Free Trade Forever
Representatives from the WTO’s 159 member countries recently agreed on the first multilateral trade deal in nearly two decades. While the Trade Facilitation Agreement did not address the most pressing issues, it remains an important milestone, as it reflects a broader trend toward global trade liberalization.
NEWTON, MASSACHUSETTS – On December 7, representatives from the World Trade Organization’s 159 member countries reached agreement on the first multilateral trade deal in the WTO’s 19-year history. Although the Trade Facilitation Agreement – dubbed the “Bali package,” after the Indonesian island where the meeting took place – did not address the most pressing North-South trade issues, it remains an important economic and political milestone.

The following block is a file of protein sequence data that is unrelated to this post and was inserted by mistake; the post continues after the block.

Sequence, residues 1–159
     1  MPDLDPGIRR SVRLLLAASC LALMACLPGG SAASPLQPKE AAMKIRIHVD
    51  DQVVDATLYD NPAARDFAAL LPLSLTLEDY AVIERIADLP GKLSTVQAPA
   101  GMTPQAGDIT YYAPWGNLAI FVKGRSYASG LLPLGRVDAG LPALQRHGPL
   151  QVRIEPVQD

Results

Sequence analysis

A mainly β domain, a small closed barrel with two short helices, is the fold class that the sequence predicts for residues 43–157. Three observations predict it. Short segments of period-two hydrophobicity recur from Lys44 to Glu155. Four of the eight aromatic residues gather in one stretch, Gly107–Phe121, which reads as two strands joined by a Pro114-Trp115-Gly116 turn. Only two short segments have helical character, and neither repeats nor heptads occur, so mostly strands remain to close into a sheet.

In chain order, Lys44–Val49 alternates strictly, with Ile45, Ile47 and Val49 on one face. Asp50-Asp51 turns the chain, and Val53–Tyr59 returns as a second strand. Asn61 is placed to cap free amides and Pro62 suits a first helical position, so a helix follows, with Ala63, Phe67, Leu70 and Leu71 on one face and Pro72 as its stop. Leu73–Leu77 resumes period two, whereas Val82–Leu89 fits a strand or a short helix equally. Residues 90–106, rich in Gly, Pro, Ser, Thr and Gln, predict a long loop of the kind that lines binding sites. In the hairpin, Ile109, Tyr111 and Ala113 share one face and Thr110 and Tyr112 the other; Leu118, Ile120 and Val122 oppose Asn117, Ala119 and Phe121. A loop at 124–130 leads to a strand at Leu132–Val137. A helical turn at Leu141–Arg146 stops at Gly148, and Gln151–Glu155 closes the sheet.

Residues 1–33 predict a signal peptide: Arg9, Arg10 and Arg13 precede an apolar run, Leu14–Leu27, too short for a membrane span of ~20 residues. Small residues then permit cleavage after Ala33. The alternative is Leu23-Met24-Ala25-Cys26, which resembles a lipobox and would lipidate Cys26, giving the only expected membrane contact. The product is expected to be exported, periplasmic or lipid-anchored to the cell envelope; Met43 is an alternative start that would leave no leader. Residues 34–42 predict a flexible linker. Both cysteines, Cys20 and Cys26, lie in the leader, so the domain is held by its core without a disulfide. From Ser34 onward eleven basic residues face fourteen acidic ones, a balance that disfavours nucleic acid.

The Bali package commits WTO members to moving toward lowering non-tariff trade barriers – for example, by establishing more transparent customs regulations and reducing trade-related paperwork. These changes might seem like bureaucratic minutiae, but the agreement’s impact – adding $1 trillion to global output and creating 21 million jobs worldwide – will be substantial.
The agreement has been criticized for failing to meet the goals set out in the WTO’s 2001 Doha Development Agenda. But these objectives – including improvement of market access in agriculture, manufacturing, and services; clarification of international trade rules; and progress on addressing relevant environmental issues – were overly ambitious. Even the modest Bali package was touch and go, requiring an extra day of negotiations to reach agreement on contentious issues like Indian farm subsidies and the US embargo of Cuba.